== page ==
To determine if exercise benefits patients with multiple sclerosis. Randomized controlled trial. Participants exercised at home and also attended exercise classes held in a hospital physiotherapy gym. Thirty patients, diagnosed and independently mobile, were recruited in the Dublin area. For three months, classes were held twice-weekly and participants exercised independently once-weekly. The control group was monitored monthly and management remained unchanged. Measurements were taken at baseline, three and six months. The Modified Fatigue Impact Scale (MFIS), Multiple Sclerosis Impact Scale-29 (MSIS-29) and Functional Assessment of Multiple Sclerosis (FAMS) were used to measure fatigue and quality of life (QOL). Heart rate (HR) and the Borg's Rating of Perceived Exertion (RPE) were recorded during an incremental exercise test. The change from baseline scores between groups was compared using the Mann-Whitney U-test. Twenty-four participants completed the programme (n = 12 in each group). Based on the change in scores at three months, the exercise group had significantly greater improvements in exercise capacity (HR: -14 [-18.5, -2.5] versus 0.5 [-4, 5.5], P= 0.009), QOL (FAMS: 23 [9.5, 42.5] versus -3.5 [-16, 5], P=0.006) and fatigue (MFIS: -13 [-20, -3] versus 1 [-4, 4.5], P=0.02). At six months, the difference in change scores remained significant for FAMS (19 [14, 31] versus -4.5 [-25, 8], P=0.002) and MFIS (-8.5 [-19.5, -1] versus 0.5 [-2.5, 6.5], P=0.02) only. A three-month exercise programme improved participants' exercise capacity, QOL and fatigue, with the improvements in QOL and fatigue lasting beyond the programme.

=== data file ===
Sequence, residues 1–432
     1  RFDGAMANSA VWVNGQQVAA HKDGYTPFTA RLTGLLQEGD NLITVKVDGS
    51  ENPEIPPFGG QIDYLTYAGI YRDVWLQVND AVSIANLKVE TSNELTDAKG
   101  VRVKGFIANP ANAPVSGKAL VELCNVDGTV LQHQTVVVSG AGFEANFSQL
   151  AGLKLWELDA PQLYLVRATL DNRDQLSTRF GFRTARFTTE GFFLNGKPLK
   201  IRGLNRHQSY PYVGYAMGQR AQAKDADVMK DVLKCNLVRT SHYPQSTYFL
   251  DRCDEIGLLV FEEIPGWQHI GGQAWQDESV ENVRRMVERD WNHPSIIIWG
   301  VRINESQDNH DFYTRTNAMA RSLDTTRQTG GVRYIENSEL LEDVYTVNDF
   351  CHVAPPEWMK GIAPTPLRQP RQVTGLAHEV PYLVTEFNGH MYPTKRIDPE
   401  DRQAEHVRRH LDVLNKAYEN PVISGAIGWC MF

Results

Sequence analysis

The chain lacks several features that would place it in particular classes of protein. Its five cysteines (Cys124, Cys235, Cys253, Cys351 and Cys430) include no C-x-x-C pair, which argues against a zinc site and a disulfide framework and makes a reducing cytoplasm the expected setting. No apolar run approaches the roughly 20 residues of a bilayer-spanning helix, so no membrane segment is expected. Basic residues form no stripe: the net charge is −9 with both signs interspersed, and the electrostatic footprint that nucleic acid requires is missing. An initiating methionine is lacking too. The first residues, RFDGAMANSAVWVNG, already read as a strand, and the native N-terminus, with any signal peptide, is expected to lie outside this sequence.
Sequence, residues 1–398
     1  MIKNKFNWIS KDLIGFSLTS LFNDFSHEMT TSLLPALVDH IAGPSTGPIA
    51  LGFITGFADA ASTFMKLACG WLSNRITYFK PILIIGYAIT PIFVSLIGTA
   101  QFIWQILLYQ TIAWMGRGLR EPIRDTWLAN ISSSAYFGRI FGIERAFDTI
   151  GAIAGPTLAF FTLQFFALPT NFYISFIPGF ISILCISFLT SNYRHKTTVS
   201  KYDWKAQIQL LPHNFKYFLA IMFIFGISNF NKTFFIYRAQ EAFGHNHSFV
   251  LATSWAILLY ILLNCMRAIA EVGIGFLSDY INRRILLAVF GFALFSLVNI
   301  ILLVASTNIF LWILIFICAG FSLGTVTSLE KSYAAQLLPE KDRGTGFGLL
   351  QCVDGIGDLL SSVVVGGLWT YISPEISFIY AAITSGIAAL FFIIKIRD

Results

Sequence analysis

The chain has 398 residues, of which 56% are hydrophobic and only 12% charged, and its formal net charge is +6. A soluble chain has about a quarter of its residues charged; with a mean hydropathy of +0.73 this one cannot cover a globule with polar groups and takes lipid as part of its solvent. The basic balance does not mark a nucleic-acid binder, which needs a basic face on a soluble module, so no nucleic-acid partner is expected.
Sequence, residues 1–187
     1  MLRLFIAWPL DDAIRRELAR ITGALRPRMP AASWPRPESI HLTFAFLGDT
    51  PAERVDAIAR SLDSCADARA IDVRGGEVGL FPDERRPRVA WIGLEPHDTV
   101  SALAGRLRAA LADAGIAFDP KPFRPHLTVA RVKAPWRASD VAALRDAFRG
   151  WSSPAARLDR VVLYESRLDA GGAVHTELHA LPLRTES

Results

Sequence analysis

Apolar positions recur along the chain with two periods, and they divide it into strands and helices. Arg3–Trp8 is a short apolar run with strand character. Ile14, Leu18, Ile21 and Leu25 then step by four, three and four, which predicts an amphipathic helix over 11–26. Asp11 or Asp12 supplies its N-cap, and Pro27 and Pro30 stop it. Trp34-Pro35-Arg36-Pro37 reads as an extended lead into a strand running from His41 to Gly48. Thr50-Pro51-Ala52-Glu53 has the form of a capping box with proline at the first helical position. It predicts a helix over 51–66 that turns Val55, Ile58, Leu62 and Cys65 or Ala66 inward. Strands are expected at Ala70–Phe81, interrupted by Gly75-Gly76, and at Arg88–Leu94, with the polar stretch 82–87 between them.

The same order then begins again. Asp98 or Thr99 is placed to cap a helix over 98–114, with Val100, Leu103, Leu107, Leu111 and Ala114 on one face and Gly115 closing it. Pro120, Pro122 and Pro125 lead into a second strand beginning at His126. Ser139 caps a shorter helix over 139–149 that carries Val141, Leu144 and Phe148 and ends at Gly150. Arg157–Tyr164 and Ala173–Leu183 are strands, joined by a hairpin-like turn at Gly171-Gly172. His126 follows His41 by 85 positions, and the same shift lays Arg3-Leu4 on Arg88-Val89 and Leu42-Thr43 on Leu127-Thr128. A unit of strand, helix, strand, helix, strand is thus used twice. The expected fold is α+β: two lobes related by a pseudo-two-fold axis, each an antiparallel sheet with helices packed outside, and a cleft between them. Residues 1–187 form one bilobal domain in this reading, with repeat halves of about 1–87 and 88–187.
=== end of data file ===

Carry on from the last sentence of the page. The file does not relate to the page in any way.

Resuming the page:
Trinity College Dublin ->